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Editorial: Slow Roll has become an asset for Buffalo

Slow Roll Buffalo rolled into its third season last week – or tried to, anyway – with a new six-month schedule of weekly bicycle rides through city neighborhoods. The program is costly, labor intensive and an unalloyed boon to Buffalo.
The season had been slated to kick off from Niagara Square May 1, but the ride was canceled for the best of unfortunate reasons: a tornado watch. Luckily for Western New York, no twisters appeared and the season’s inaugural ride was put off until this week. The rides continue weekly through October.
The program is based on one that began in Detroit, which remains the biggest, with up to 5,000 cyclists on a single ride. Buffalo’s largest outing over the first two seasons attracted about 2,500 riders, showing there is plenty of interest here.
Slow Roll is now a division of GObike Buffalo, a nonprofit organization devoted to promoting safe bicycling in the city as a way to provide alternative transportation and to improve health, the environment and quality of life.
Slow Roll offers many benefits to Buffalo, beginning with the connection it creates among the riders and between them and the city. It’s an urban social event that reinforces and expands the fabric of the city. Many bicyclists visit parts of the city they would never otherwise see. That’s a benefit both to the riders and residents of those neighborhoods.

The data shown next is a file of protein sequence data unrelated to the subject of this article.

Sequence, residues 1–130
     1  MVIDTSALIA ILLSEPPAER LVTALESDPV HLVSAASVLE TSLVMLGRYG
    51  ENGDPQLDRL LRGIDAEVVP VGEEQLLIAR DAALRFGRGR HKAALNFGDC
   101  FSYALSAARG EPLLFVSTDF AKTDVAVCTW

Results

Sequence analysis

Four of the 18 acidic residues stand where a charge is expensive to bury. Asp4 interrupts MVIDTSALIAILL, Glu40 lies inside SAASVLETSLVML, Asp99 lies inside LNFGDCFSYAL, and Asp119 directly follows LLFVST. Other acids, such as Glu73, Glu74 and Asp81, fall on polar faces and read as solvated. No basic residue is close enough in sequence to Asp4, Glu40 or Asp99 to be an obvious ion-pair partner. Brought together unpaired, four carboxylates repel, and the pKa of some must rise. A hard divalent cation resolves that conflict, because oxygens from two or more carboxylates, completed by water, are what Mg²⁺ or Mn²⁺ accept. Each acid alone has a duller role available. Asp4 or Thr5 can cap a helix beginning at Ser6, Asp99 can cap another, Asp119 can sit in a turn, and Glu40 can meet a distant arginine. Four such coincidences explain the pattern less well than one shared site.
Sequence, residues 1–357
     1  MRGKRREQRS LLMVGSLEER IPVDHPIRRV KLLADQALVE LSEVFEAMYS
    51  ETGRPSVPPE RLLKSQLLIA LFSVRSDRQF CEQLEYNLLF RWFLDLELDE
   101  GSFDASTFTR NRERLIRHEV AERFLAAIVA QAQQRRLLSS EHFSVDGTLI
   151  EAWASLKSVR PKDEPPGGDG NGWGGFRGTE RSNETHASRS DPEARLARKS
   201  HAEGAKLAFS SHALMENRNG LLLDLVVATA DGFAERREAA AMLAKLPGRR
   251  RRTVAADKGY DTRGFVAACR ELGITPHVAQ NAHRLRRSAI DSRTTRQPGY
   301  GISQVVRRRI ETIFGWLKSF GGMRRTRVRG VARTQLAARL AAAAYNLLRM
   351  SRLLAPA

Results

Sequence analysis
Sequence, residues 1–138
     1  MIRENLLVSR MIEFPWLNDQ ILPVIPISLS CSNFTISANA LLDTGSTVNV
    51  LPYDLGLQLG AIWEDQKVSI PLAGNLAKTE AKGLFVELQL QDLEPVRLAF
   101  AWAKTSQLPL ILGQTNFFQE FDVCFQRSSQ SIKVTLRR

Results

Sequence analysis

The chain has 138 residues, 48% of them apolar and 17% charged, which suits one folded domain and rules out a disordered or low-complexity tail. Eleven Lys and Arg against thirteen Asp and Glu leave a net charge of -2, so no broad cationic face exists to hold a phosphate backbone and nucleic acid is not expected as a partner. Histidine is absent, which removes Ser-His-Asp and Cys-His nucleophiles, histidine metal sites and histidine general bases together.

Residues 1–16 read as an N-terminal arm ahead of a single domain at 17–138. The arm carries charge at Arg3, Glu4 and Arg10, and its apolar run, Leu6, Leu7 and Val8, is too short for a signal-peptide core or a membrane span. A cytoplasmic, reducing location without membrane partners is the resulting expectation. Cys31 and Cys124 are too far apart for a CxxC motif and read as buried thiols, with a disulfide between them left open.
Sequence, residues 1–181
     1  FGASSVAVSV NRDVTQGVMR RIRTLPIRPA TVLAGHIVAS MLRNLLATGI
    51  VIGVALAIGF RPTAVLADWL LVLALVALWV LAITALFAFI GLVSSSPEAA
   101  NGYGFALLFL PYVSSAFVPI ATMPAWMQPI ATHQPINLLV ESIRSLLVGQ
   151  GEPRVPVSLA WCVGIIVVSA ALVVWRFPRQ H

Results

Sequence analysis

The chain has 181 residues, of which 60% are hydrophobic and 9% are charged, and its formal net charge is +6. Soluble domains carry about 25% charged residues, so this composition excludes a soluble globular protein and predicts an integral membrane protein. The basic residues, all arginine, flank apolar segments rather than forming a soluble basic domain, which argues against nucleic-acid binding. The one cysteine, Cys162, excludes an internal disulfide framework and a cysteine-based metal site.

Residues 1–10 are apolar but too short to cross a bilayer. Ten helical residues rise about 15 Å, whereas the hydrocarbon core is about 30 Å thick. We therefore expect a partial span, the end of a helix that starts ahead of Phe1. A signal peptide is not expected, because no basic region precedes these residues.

Slow Roll is also a great advertisement for Buffalo, helping to attract young people back into the city.
And, of course, health and exercise are issues. It’s no coincidence that Independent Health has helped GObike Buffalo to thrive.
The rides are free to bicyclists, but making them happen takes effort and money – around $1,000 per ride, including a share of the costs of police who help to keep riders safe. Organizers also work with representatives of the neighborhoods where rides take place in a committed effort to ensure that the experience is a net positive for all who are involved – willingly or not. It encourages a code of responsible and friendly conduct for riders.
Finally, the rides, from all accounts, are a great time. They make people happy. They add something special to Buffalo’s warm weather season, which – we are assured – will arrive any day now. Riders who are interested need to register and can do so at, where the season’s schedule is posted. For anyone who wants to be a part of Buffalo’s resurgence, this is a great opportunity.

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